“No matter how this competition ends, we just won.”
This was the mutual agreement between our team advisor, Professor J.R. Hustwit and myself, after hearing the MU team’s argument in their contest against Wake Forest. This was part of the annual North Carolina Independent Colleges and Universities Ethics Bowl, recently held in Raleigh. The topic was “The Ethics of Diversity,” and the case centered around the importance of creating an economically diverse student body on a university campus.
Every university president wonders if his or her institution is investing in the right academic offerings, in the right educational methods, in the right extra-curricular activities, and in the right financial aid programs. Every news outlet in the country is asking if today’s higher education is worth the investment and if it is still relevant. The question is often posed, “What are the tangible outcomes after four years of university life?”
What we witnessed at the Ethics Bowl are the “intangible” outcomes of a quality, well-rounded, or what is sometimes called “liberal arts” education. I’m referring to problem solving skills, the ability to work as part of a team, the recognition of what is gained by working and living alongside those with very different backgrounds – all designed to prepare a graduate for the “real world.”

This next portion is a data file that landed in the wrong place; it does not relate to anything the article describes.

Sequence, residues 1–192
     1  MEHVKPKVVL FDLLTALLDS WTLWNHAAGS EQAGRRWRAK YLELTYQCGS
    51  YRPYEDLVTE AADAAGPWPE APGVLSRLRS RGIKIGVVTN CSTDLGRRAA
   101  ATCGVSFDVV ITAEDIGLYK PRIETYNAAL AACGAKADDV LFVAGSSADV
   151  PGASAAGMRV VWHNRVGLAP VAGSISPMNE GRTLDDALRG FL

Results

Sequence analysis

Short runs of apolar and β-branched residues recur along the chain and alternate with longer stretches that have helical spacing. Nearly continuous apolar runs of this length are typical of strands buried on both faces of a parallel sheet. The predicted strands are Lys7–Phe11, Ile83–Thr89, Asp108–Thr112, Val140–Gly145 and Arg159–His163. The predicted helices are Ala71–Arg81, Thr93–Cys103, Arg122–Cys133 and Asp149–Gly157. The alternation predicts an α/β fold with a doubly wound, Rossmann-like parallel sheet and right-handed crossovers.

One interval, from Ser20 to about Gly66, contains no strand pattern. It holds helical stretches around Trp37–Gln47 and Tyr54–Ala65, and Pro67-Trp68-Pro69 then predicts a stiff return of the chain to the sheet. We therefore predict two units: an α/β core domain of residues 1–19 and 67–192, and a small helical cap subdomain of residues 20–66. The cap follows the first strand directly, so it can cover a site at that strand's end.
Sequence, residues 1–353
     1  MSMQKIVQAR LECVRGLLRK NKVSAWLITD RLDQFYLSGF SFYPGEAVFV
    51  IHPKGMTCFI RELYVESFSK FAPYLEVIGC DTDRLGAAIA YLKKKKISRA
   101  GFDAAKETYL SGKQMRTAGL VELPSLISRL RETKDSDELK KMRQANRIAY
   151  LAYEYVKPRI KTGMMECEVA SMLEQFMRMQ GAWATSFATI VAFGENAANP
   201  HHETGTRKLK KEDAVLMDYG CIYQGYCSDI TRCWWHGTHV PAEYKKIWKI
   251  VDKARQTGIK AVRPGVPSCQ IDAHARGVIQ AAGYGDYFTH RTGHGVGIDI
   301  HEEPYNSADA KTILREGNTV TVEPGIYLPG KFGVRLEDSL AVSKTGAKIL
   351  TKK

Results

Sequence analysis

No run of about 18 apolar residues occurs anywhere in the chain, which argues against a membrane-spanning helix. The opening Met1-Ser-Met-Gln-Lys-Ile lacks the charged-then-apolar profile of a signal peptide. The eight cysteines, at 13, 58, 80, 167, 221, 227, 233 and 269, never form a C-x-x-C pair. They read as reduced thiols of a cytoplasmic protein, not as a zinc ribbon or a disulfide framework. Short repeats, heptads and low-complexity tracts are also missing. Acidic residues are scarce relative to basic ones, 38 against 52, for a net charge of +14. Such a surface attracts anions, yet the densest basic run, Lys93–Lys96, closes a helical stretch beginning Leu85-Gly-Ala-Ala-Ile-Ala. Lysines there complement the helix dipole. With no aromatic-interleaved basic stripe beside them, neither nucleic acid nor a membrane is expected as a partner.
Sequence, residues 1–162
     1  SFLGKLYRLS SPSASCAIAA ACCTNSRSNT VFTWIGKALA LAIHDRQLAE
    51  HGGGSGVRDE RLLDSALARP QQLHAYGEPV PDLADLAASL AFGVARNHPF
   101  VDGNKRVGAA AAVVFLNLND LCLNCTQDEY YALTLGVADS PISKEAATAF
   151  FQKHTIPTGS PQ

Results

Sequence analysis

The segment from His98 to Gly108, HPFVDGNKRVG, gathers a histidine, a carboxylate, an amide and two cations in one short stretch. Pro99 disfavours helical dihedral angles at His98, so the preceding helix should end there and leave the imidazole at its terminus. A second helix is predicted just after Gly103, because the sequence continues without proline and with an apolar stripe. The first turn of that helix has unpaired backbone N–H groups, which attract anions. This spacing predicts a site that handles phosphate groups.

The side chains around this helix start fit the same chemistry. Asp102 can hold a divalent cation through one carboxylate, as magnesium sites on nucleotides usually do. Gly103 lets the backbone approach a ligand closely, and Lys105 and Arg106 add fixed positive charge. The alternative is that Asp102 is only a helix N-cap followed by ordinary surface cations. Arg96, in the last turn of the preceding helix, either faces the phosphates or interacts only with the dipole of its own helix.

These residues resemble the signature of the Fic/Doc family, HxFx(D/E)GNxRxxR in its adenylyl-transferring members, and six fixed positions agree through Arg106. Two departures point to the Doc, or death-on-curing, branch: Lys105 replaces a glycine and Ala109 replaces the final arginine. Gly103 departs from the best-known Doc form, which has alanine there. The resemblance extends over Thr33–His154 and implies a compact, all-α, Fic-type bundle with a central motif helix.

Without being prompted, the MU students cited their own university as a model institution for providing opportunities for all students, including those with modest resources and rich talents, to secure a quality education. In this environment, each student brings perspectives to the table that enrich the lives and experiences of his or her fellow students. So much is to be gained in a university setting through this exchange, rather than waiting until post-graduation. They went on to give their own team as an example, noting that they would not have had as transformational an experience on their Ethics Bowl team if not for the scholarship support that Methodist provides to ensure opportunities for bright and dedicated students from diverse economic and ethnic backgrounds.
You can’t make this stuff up.
Wake Forest won the match by one point and went on to be the 2015 Ethics Bowl champion, but that took nothing away from our students’ presentation and their genuine belief that “Methodist gets it right.”
Is higher education worth the investment? Is Methodist University worth the investment? Let the students speak for themselves.
We have the best students in America. That’s why I have the Best Job in America.
In reflecting on their presentation, one student commented that at the end of the case she wanted to chant my favorite cheer, “We are … MU!”
Yes indeed … we are.
And it keeps getting better.